We have seen the higher status that people are giving now to key workers in the pandemic emergency, eroding the traditional designation of so many as “low-skilled” workers. We can spread this re-valuation to include all those individuals and agencies involved in the nitty-gritty of human welfare, and in helping them to see themselves more and more as elements in a common human security fabric. We can embed the vital notion that our security depends on the security of others – to help us see that we can only be kept safe in Bearsden if folk are safe in Castlemilk and Lahore. Countries with great inequality of income are more violent countries, and their citizens have poorer health. We know that in the meanwhile of the pandemic the climate and the environment continue to fall apart, that the risks of global warfare and nuclear confrontations are intensifying. The pandemic has led to a reduction in emissions harmful to the climate and to the quality of the air we breathe. This change is marginal but shows that people are ready to act responsibly if they are given the whole picture. These all are issues to be tackled within the process of responding to the pandemic, not in an end-on manner.

We are well-placed to tackle this in Scotland. The lead-in to the 2014 referendum was marked by a fervent burst of good imaginings – and in particular the vision of a better, fairer Scotland that could contribute to the world with compassionate values and actions. These aspirations have survived and are being built on in diverse and numerous ways, however tentatively, in our semi-autonomous and distinctive condition. Although the constitutional position is unchanged (aside from the Brexit-related loss of certain powers), our sense of nationhood has been enhanced, as illustrated by our response to the pandemic.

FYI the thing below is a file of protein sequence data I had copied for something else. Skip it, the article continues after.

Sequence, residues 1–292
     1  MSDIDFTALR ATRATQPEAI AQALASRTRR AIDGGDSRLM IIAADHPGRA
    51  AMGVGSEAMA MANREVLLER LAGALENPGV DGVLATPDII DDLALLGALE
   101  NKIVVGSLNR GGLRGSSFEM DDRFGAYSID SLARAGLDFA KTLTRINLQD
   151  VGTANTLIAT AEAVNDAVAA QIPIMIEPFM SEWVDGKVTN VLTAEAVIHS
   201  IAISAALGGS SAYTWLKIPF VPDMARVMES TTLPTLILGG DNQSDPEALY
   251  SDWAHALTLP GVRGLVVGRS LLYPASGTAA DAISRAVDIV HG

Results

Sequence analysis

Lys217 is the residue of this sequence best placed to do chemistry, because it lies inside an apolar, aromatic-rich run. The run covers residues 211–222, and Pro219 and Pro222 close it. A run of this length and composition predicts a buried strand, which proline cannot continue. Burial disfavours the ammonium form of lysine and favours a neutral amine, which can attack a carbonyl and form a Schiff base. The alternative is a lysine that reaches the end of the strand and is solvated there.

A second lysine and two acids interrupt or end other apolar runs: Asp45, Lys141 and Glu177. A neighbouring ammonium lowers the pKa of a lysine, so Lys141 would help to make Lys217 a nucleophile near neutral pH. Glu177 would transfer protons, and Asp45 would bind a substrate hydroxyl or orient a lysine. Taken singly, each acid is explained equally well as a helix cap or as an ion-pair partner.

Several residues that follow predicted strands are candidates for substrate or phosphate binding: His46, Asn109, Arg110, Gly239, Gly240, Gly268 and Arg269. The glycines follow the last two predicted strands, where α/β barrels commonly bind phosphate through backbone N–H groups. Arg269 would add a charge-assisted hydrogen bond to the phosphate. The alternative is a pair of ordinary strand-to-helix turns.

Being a small country helps enormously with networking. Mutual support can be implemented quickly and effectively. Our parliament, elected by proportional representation, has offered the chance to create a political culture appropriate for the 21st Century. We have at least the inklings of a willingness to work in common across the political fences instead of the conventional adversarial style. It is essential that we establish genuine common ground for a shared vision on what sort of community we want.

In Secure Scotland this is the work we wish to put our hands to.